In Italy, Ferrari brought a new low downforce package and most parts of it worked as expected. The F138 showed good pace by using towing in both practice sessions and qualifying. They finished 4th and 5th in Q3, but good starts and reasonably good pace gave them 2nd and 4th at the end of the race.

In Singapore, Ferrari continued to struggle in a similar vein to before Italy. They were typically a second off the fastest time in practice and qualifying, lining up on the grid in 6th (Massa) and 7th (Alonso) places. Alonso made a great start and was third behind race leader Sebastian Vettel and second place Nico Rosberg. As the night race progressed, Alonso made the most of a safety car period and finished in a very creditable 2nd place, albeit 30 seconds behind the winner, Vettel. Mark Webber's Red Bull expired near the end of the race and Alonso gave the Australian a lift back to the pits, incurring a reprimand for both drivers.

Complete Formula One results

(key) (results in bold indicate pole position; results in italics indicate fastest lap)

Year Entrant Engine Tyres Drivers Grands Prix Points WCC
2013 Scuderia Ferrari Ferrari Type 056 P Fernando Alonso 2 Ret 1 8 1 7 2 3 4 5 2 2 2 6 4 11 5 5 3 354 3rd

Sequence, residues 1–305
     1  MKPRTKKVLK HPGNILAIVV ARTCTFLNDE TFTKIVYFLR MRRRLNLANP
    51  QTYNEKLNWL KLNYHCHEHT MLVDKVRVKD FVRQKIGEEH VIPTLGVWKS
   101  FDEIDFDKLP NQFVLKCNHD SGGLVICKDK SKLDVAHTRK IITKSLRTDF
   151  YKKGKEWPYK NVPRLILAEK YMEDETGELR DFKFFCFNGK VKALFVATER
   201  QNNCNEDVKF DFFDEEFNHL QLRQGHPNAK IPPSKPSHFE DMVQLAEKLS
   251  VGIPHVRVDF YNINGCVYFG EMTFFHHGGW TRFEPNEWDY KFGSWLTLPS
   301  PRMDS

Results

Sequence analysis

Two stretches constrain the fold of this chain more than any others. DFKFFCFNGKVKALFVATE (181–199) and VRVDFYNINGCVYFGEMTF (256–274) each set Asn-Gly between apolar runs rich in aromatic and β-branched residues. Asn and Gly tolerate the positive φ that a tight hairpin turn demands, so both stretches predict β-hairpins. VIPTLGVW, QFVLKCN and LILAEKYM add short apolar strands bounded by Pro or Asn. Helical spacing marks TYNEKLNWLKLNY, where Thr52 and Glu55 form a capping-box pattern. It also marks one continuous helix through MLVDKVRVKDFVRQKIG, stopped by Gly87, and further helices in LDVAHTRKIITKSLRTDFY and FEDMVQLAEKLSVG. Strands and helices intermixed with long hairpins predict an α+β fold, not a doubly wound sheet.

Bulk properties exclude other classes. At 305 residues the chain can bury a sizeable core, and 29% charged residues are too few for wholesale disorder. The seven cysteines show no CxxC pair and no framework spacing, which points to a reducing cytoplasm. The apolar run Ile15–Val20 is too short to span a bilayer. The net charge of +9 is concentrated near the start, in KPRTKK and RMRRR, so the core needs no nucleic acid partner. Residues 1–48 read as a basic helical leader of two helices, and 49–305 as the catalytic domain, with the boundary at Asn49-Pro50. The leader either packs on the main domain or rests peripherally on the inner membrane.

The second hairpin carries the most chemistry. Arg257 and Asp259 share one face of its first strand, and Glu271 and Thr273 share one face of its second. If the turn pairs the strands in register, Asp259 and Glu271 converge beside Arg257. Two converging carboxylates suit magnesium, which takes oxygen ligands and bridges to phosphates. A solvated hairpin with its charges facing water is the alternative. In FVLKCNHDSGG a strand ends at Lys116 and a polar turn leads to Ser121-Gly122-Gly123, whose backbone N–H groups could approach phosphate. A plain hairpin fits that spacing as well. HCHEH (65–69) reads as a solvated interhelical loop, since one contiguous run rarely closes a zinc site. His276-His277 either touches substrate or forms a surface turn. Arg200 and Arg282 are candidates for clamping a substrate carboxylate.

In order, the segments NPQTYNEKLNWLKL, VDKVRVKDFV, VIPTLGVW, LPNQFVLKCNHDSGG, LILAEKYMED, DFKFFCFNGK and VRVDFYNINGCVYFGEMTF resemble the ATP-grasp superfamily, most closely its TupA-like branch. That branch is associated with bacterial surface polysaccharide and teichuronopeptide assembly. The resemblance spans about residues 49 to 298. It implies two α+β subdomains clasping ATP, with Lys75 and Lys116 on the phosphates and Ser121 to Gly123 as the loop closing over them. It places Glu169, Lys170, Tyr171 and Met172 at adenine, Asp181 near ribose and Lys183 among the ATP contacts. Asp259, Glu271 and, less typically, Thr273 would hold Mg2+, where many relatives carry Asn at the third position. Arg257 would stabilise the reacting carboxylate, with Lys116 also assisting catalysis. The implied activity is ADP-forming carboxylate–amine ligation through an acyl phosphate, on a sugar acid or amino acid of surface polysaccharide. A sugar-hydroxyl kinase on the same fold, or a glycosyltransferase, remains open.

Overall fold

Felipe Massa 4 5 6 15 3 Ret 8 6 Ret 8 7 4 6 9 10 4 8 12 7


The Ferrari F138 has been featured in the racing simulations F1 2013 and Assetto Corsa.


  1. ^ "F138 – The Brand new Ferrari F1 single seater". Ferrari S.p.A. Retrieved 6 February 2013.
  2. ^ "Ferrari F138 -".
  3. ^ Noble, Jonathan; Beer, Matt (11 December 2013). "F1 teams expert enough to avoid early tyre struggles – Ross Brawn". Haymarket Publications. Retrieved 7 January 2013.
  4. ^ a b "Fernando Alonso signs new Ferrari contract". BBC Sport. BBC Sport. 8 March 2012. Retrieved 25 January 2013.
  5. ^ a b "Massa signs new Ferrari deal for 2013". ESPN. 25 January 2013. Retrieved 16 October 2012.
  6. ^ "Ferrari to name 2013 car the F138". Haymarket Publications. 30 January 2013. Retrieved 30 January 2013.
  7. ^ "Ferrari confirm they will launch their 2013 car on February 1st at Maranello". Sky Sports. BSkyB. 16 January 2013. Archived from the original on 19 January 2013. Retrieved 25 January 2013.
  8. ^ "New Ferrari to be more visually appealing than F2012". Retrieved 29 January 2013. According to Spain's Marca newspaper, the car – currently known only by its factory reference number, 664
  9. ^ "To be called ... F138". Ferrari. 30 January 2013. Archived from the original on 30 January 2013. Retrieved 30 January 2013.
  10. ^ Benson, Andrew (11 February 2013). "Ferrari bring back designer Rory Byrne to work on 2014 car". BBC F1. BBC. Retrieved 11 February 2013.

External links

This page was last edited on 27 June 2021, at 09:27